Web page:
It rains…

It rains.

Water falling from a dark gray sky, each drop picking up pollution as it comes plummeting down through the dirty Taipei air and hitting the pavement outside my office with a soft sound that becomes thunderous when multiplied by millions and amplified by the loose glass shuddering in the window and driving the point home that

It rains.

I sit here at the office computer, coming down off a caffeine high, just having graded a pile of test books, listening to the raindrops falling down and reflecting on the fact that it’s been raining almost continuously for the last four days which is a common occurrence in Taiwan around this time which they call “梅雨季” which means “Plum Rain Season” because you guessed it it’s about this time that

It rains.

It rains for about a month usually, but usually it’s May, not June, which is a good pun if you know English and Chinese since “梅” sounds like the word “May” with a rising tone although it doesn’t mean “May” it means “plum” which is why the left part of the character looks like a little tree but now I’m getting off topic because what I really want to talk about is the fact that

It rains.

Riding a scooter in the rain is really an experience if you’re not wearing a raincoat, which is how I rode home the other day at 11pm at night and how I’ll ride home tonight when I finally get out the door with the raindrops striking my arms and legs like pellets fired from a gun and they can really hurt if you get up a good speed but you really don’t want to go that fast in the rain especially if there are puddles on the road and potholes big enough to swallow a small weather system and therefore also a careless American stupid enough to drive too fast when

It rains.

I’ve been staying at work really late recently (it’s 2am right now) because they’re putting a lot of pressure on me to improve really quickly so they can get me opening my own classes and therefore making money for the company and there’s even more pressure now because when I was hired there were two other trainees but one was let go and one just left for personal reasons so now I have to take over for a teacher who’s leaving in a month which means I’ll be thrust into the classroom a month earlier than planned and probably two months earlier than I’ll actually be ready because teaching really is HARD when you’re trying to control a room of 30 Taiwanese third-graders and simultaneously trying to get them to understand that English requires fundamentally DIFFERENT things from their tongue, lips, voice and brain than they’ve ever encountered before while trying not to think about the fact that I’m moving on Sunday and I have to get everything packed and I haven’t even started packing and also I haven’t even bought my tickets for my September trip to Australia yet and I still have to arrange my parents’ visit to Taiwan after that and I am reminded of the old saying that when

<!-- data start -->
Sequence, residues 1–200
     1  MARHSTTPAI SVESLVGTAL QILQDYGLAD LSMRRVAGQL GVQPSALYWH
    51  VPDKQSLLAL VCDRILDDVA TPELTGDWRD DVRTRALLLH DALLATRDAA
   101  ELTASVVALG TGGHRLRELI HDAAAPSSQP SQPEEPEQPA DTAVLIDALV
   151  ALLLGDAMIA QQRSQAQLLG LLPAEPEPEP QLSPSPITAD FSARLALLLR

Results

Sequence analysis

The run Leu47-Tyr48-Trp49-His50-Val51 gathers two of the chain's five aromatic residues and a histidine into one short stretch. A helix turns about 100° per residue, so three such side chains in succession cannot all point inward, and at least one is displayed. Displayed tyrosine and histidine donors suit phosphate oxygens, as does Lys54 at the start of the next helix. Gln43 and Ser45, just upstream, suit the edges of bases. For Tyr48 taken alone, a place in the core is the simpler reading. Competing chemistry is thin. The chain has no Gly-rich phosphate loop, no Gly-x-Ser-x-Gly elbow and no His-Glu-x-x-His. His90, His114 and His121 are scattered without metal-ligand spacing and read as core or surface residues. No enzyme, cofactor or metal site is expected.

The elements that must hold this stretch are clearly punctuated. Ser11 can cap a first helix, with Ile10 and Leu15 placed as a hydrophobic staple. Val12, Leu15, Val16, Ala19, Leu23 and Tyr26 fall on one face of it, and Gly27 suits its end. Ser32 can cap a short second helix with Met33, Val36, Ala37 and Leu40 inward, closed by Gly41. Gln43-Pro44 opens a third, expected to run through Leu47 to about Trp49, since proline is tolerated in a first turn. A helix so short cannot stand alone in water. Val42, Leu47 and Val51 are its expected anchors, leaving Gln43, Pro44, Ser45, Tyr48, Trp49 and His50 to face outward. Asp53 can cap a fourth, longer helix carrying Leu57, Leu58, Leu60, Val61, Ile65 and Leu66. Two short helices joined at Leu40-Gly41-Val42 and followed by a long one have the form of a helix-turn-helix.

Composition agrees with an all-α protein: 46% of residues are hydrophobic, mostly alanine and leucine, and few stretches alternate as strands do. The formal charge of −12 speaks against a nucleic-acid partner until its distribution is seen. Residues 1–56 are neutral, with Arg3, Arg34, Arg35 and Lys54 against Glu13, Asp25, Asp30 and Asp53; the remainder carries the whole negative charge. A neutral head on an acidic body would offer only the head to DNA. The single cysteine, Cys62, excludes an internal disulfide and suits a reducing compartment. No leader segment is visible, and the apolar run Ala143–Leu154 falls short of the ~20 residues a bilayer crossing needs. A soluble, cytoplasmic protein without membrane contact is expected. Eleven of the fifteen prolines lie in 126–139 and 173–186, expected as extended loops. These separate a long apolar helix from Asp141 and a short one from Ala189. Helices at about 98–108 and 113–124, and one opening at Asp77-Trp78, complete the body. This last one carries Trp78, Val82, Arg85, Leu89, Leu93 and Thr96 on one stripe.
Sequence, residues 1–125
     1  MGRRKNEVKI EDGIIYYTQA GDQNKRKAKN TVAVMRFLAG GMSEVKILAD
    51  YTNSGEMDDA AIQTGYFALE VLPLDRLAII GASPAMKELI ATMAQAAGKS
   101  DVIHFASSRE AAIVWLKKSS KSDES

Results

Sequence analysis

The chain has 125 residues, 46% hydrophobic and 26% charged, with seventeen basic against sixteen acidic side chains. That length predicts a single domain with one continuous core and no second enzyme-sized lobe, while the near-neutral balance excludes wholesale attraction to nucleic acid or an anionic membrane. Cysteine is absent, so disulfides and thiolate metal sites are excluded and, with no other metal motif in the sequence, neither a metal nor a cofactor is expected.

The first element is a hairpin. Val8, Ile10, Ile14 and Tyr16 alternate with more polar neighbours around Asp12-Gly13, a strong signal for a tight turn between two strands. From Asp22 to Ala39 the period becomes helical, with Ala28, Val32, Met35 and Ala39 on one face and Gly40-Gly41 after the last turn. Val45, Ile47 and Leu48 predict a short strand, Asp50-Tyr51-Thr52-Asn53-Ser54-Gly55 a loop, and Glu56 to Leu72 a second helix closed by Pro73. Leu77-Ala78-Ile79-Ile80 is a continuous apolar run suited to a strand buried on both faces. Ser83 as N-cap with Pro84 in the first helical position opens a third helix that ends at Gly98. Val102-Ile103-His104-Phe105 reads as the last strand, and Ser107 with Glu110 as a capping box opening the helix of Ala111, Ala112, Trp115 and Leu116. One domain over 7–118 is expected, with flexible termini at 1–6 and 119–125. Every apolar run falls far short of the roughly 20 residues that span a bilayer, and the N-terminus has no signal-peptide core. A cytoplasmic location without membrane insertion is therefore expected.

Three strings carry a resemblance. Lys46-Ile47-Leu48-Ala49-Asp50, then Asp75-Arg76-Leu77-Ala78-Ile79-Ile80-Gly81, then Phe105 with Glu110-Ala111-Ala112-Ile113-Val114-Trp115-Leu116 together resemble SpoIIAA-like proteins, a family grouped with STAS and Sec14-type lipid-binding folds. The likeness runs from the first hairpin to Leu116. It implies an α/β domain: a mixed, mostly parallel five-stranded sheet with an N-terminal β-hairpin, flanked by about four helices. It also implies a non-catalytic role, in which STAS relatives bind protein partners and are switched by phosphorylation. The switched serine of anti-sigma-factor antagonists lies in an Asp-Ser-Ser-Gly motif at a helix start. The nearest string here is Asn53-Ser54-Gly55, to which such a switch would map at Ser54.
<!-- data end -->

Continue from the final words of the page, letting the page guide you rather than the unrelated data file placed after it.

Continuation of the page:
It rains

It pours.

Wish me luck. I need it.

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6 Responses to “It rains…”

  1. Vivian Says:

    If you have Bipolar, you should lay off the caffeine.

  2. Ma Jian-Teng Says:

    You make 梅雨季 (Plum Rain Season) sound so 不好玩 (no fun). I on the other hand always liked it; the sound was soothing and it took the edge off the heat and humidity. Of course I never drove a scooter in it, so … Anyway I can hear the rain falling just by reading your Kerouackian prose. Aw, makin’ me (third) homesick!

  3. Goldberg Says:

    Tell me about Taiwan in the rain: the people, the traffic, the colors of the umbrellas, the way shopkeepers and restauranteurs (don’t) accommodate the wet needs of their patrons. What happens to Little League? Is there a period of any length in which the air is washed clean? Are there trees so densely leaved that one can remain dry standing beneath them? Special foods and bar drinks to celebrate the season? Taiwanese women in the rain: how do they dress for it? Walk in it? Protect their cell phones in it? How do their clothes fit when wet? Howzaboutsome photos?

  4. Sabrina Says:

    Yeah, I’m with Goldberg. I want photos.

  5. Patrick Cowsill Says:

    The rain isn’t going to wash the air clean in Taipei because it’s acidic. People generally try to stay out of the rain because they believe it will make them bald. When they do go out, the women dress just like the men, in heavy rain gear. Everybody’s cranky. Everybody’s got wet feet. This is not “Singin’ in the Rain,” Goldberg.

  6. Russ Says:

    I think with bi-polar disorder you should drink caffiene and then sue the company that sold you the drink for the aggravation of the disorder you suffer from.

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